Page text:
If you consume media in any form or fashion, you’ll know that positive thinking is an affirmation that just about everyone agrees on. Anyone who’s been successful doing anything seems to live by it and the mere thought of not affirming some form of beauty, worth or goodness in another person or situation sounds pretty negative. It should be mentioned that as a result of all the good press positivity has gotten calling a person negative is basically the best form of an insult these days. So you go about your days trying not to be a Negative Nelly, looking for the bright side or silver lining in everyone and every event that occurs, regardless whether or not your opinion is even called for.
Well the problem with positive thinking is the same problem with negative thinking. They are two sides of the same coin. They actually aren’t different at all. The judgement you cast about the situation being good or bad inhibits your ability to see the situation for what it is and respond effectively.
The best example of this is when we “fall in love”. A person’s tendencies and compulsions (perhaps made more palatable by our initial physical attraction to them) either seem insignificant or altogether non-existent in the beginning, that is until they don’t anymore. In month 2 when everything is roses and rainbows your partner eating an entire meal with their mouth open seems like a small price to pay for being such a wonderful companion that fulfills all your other needs. In year two it’s more like “why can’t they keep their mouth closed when they chew? Even small children learn to do it.“ Observed only two years apart these seemingly starkly different perspectives both prohibit you from being able to address the problem appropriately with your partner. In the first scenario you undoubtedly will say nothing for fear of losing their good favor and being a nag so early on in the relationship. In the second scenario, after two years, you will likely say too much and with a bit of self-righteous condemnation thrown in for good measure.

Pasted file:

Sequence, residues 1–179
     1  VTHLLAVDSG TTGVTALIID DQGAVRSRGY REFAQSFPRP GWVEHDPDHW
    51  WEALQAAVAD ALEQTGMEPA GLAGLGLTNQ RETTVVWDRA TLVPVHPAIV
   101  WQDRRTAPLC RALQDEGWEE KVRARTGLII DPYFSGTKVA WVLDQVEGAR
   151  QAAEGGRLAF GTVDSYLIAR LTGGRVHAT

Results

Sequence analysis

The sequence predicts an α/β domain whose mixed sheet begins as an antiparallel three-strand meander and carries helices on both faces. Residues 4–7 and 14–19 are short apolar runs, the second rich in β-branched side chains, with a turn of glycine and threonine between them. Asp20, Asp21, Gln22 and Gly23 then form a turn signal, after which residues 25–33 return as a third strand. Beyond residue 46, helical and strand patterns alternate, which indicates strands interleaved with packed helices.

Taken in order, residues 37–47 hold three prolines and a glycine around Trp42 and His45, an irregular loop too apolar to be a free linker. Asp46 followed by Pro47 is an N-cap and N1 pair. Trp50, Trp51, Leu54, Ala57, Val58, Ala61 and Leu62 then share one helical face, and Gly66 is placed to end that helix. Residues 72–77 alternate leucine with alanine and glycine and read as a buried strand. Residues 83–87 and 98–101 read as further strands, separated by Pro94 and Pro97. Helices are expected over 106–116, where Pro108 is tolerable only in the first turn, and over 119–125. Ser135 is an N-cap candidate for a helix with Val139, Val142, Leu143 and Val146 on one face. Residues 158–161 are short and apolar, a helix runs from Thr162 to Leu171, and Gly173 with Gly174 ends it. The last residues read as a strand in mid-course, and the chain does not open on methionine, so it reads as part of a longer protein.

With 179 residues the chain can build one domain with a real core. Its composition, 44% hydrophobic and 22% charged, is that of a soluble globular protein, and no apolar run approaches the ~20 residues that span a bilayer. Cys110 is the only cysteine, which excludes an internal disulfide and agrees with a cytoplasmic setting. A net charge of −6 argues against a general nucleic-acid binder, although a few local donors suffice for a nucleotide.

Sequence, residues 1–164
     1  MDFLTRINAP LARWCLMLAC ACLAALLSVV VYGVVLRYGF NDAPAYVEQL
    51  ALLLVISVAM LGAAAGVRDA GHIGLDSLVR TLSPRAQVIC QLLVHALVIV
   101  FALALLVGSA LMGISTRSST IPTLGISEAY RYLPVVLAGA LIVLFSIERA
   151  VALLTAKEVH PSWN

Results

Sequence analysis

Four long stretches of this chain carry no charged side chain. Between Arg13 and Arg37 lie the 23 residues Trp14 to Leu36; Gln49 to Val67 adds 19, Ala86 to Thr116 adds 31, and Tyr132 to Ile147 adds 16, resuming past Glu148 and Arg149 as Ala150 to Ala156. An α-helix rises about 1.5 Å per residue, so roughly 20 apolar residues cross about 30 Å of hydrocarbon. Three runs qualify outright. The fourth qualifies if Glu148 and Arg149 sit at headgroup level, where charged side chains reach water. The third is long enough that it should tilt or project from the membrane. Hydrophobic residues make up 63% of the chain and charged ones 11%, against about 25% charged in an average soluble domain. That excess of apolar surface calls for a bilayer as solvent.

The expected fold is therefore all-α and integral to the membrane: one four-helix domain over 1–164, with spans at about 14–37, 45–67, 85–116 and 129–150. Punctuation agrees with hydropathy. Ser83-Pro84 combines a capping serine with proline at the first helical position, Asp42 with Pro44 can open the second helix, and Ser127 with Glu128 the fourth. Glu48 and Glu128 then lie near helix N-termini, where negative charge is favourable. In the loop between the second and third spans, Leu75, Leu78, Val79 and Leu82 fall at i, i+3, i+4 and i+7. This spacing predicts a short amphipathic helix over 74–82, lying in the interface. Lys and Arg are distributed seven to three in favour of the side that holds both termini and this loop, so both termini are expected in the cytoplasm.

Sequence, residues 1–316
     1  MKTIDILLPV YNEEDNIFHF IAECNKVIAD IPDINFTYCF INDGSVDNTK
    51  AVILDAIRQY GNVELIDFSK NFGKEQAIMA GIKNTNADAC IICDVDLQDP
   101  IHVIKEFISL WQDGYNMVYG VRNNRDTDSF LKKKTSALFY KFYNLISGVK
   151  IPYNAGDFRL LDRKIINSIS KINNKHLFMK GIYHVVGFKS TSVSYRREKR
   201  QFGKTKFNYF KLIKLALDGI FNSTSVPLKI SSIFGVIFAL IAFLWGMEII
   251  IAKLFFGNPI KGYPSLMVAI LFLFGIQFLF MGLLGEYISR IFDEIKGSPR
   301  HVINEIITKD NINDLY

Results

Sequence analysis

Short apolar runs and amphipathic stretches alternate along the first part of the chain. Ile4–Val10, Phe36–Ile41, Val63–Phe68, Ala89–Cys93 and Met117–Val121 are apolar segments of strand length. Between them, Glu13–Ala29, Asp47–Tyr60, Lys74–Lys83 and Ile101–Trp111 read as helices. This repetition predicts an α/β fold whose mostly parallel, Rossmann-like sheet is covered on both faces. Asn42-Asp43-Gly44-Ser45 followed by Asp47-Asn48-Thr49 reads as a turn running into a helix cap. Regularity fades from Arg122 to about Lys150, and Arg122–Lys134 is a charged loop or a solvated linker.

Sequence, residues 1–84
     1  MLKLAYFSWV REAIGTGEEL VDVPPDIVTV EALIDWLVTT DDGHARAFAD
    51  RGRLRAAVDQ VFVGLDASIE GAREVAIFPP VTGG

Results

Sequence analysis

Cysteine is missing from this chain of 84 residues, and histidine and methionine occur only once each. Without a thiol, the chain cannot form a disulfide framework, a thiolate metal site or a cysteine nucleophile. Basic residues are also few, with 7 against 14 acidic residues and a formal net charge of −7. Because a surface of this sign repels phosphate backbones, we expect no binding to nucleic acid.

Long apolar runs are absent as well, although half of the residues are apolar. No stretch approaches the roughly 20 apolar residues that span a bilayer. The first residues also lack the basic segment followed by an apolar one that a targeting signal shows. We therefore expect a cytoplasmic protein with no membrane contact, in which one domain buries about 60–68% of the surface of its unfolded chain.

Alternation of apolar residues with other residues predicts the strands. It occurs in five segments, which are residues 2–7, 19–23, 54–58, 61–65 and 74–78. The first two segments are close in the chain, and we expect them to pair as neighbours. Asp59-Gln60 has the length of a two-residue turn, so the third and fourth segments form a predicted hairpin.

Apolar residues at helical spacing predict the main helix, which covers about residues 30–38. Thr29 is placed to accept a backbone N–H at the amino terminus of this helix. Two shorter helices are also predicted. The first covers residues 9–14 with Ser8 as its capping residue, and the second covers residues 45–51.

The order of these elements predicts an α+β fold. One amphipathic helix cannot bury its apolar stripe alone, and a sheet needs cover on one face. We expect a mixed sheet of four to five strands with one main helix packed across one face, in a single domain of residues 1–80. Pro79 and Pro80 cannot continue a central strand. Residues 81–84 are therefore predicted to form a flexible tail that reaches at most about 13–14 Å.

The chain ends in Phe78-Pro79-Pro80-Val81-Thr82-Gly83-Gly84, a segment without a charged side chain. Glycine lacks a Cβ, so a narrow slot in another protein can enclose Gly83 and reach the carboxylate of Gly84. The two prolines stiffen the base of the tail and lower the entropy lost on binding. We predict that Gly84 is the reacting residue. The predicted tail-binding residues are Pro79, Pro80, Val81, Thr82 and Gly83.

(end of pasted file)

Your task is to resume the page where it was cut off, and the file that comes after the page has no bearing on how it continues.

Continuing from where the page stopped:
So how do you just see things for what they are and stop putting yourself through this emotional roller-coaster? Or at least buy tickets for and get on the roller-coaster willingly without being taken for a ride? You’ve probably heard this before, in order to get the right results, you have to do the right things. A person’s ability to settle on the correct course of action is wholly determined by the state of mind or biases that are present when they make decisions. This means neither wearing rose colored glasses or the pitch black matrix variety enables you to see a situation realistically so that you can respond sensibly. You must take the glasses off altogether and see it for what it is.
A 5’5 aspiring basketball player doesn’t train and practice whilst imagining that he or she’s 6’5. He works on the facets of the game that are within his control. He works on his strengths and does as much as possible to prevent his height from being exploited. This is not to say that he doesn’t visualize himself in the winner’s circle having succeeded, this visualization is a necessary component of achieving anything. But he is also astutely tuned in to the present realities that prevent him from being there and is constantly looking for ways to address them.
When you begin to rely on yourself for happiness you don’t need to see life in a certain “light” in order to happily attend to it because your happiness is not determined by your situation or external successes. At this point you’ll see your actions are no longer limited by your positive or negative opinions and will therefore be much more effective.
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